Abortions continue to decline in Minnesota, reaching levels not seen since 1975, the first year the state started keeping track.
The state reported 10,701 pregnancies that were electively aborted in 2012, which is 3 percent lower than the total in 2011 and is the lowest annual total since 10,565 procedures in 1975.
The number of abortions involving women 19 and younger has nearly been halved in five years — down from 2,137 in 2007 to 1,229 last year. While survey data has shown a slight increase in sexual activity among Minnesota high schoolers over the past decade, the decline in teen abortions matches historic declines in teen pregnancies and births in the state.
Increased access to birth control, particularly hormonal birth control pills for young women, explains why births and abortions are declining while sexual activity is increasing, said Judith Kahn, executive director of Teenwise Minnesota, an advocacy group seeking to prevent teen pregnancies. She also credited the increase of "comprehensive" sexual education programs, which teach about birth control and abstinence, but also encourage teens to plan for their futures.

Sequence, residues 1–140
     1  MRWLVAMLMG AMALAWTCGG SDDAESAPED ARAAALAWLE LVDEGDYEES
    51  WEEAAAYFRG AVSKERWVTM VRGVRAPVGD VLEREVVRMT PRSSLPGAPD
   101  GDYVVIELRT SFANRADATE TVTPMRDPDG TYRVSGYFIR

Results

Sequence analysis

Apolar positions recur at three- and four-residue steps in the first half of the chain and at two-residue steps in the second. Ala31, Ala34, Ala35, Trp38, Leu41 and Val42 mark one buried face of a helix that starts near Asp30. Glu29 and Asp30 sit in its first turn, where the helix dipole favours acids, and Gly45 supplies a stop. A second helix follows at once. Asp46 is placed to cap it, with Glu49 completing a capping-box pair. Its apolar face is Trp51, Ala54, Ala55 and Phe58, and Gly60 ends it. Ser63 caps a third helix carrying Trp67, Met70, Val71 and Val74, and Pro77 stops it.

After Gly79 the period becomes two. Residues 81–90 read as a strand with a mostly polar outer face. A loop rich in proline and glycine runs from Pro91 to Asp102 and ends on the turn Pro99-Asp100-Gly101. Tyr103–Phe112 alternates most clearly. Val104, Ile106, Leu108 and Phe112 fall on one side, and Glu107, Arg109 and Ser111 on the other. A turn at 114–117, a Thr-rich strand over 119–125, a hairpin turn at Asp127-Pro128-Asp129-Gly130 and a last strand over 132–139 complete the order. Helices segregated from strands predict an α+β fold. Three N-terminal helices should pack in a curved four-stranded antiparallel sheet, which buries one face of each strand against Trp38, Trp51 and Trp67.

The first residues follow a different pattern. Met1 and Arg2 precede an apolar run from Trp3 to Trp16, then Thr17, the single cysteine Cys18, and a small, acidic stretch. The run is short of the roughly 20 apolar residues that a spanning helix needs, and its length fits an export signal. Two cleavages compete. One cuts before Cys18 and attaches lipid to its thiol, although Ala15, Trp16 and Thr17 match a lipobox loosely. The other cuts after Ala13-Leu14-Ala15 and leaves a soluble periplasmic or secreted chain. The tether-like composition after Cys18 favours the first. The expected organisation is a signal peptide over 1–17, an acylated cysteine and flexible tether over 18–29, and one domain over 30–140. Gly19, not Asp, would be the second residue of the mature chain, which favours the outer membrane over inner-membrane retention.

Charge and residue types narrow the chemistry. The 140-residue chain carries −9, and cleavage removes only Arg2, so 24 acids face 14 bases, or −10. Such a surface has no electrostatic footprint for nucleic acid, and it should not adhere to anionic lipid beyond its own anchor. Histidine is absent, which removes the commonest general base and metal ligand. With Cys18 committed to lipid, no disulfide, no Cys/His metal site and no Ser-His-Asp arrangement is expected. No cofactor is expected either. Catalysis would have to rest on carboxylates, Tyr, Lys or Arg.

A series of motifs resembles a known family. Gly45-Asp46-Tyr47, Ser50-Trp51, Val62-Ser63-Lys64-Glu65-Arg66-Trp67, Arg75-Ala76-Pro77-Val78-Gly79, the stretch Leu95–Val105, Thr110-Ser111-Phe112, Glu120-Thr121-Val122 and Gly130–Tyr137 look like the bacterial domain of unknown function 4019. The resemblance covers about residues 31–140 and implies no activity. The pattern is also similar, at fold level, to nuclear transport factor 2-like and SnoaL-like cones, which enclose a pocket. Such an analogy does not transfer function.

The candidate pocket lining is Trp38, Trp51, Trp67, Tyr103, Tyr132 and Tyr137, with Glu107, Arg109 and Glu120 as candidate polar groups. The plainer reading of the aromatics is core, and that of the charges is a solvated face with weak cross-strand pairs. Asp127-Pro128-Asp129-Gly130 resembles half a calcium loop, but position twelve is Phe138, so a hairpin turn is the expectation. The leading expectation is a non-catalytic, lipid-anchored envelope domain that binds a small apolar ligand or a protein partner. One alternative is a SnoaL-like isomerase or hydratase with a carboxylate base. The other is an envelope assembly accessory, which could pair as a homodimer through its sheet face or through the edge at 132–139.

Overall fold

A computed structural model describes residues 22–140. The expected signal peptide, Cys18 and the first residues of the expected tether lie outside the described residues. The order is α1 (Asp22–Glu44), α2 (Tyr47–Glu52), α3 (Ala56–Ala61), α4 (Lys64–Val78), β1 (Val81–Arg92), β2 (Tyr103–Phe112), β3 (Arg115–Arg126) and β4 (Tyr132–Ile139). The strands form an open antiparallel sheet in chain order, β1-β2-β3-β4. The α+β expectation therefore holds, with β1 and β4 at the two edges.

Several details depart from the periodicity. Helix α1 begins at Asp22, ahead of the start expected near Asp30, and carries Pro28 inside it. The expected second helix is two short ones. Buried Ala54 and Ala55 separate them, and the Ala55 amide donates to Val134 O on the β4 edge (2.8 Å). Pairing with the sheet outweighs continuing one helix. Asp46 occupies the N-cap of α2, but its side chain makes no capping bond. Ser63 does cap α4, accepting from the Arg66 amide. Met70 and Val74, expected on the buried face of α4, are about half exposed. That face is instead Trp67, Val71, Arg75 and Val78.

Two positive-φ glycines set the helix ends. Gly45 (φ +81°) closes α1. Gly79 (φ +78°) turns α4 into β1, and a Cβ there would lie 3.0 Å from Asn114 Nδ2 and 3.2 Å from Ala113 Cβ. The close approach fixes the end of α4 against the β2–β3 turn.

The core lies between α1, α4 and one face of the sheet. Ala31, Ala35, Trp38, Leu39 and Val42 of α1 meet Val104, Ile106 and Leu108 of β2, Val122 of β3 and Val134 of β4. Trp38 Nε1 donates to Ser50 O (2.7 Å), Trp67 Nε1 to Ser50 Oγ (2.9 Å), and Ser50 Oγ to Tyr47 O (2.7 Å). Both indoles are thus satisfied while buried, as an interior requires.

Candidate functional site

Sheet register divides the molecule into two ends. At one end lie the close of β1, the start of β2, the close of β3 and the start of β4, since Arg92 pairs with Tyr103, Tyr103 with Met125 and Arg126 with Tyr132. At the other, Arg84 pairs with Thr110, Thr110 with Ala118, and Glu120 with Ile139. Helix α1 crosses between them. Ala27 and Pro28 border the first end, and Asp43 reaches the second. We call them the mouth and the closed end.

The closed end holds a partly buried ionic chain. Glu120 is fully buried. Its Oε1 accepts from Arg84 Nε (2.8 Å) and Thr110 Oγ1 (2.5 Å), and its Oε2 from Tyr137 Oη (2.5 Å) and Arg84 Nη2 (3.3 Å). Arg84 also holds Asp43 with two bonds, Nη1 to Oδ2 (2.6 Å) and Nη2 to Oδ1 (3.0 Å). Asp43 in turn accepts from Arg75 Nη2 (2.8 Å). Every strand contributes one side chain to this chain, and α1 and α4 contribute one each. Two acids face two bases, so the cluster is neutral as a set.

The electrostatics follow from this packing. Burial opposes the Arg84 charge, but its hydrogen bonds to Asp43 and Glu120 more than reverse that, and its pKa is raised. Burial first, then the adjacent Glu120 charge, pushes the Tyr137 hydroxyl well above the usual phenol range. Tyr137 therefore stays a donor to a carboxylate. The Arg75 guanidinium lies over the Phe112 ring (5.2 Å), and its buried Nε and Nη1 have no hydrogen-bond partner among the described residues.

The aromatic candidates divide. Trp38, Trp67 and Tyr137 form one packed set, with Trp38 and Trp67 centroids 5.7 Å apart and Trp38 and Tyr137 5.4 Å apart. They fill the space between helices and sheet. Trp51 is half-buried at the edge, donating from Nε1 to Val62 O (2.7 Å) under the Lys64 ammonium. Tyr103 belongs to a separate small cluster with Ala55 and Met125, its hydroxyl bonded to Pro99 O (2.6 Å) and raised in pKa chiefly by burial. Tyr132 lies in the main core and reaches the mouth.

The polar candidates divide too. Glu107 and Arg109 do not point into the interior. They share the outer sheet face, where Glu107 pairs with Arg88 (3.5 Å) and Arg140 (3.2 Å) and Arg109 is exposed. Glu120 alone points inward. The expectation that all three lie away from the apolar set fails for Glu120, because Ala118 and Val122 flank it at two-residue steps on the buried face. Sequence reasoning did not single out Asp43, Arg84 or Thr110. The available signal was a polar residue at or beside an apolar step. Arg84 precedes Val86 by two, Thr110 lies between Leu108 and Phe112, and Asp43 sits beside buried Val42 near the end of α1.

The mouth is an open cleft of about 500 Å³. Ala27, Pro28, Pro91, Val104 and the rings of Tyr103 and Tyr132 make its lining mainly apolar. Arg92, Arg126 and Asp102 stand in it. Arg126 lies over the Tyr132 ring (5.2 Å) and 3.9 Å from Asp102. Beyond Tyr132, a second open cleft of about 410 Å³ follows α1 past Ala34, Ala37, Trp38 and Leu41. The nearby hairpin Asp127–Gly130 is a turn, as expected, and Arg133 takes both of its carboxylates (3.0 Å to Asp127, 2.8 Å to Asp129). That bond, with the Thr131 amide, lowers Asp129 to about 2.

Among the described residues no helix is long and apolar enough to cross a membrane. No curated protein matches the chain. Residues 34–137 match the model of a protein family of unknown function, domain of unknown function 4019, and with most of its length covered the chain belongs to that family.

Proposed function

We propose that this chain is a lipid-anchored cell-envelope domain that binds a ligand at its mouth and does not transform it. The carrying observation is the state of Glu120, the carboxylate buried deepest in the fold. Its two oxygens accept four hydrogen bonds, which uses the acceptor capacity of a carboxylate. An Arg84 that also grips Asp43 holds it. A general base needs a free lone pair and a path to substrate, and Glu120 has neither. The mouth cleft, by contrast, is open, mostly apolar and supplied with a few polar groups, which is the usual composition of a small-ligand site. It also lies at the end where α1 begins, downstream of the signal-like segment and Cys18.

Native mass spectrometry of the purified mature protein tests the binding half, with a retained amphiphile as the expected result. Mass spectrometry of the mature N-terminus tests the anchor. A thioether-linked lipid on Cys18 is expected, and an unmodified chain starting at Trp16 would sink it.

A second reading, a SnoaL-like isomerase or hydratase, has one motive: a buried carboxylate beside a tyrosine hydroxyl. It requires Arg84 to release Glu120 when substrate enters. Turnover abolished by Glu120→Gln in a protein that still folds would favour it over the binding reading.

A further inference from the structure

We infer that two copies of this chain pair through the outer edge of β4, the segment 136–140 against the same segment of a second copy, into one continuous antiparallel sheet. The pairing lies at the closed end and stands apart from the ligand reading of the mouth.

"We know when young people have a sense of their own future, and that they can get to that future, they make fewer decisions that can get in the way of that," she said.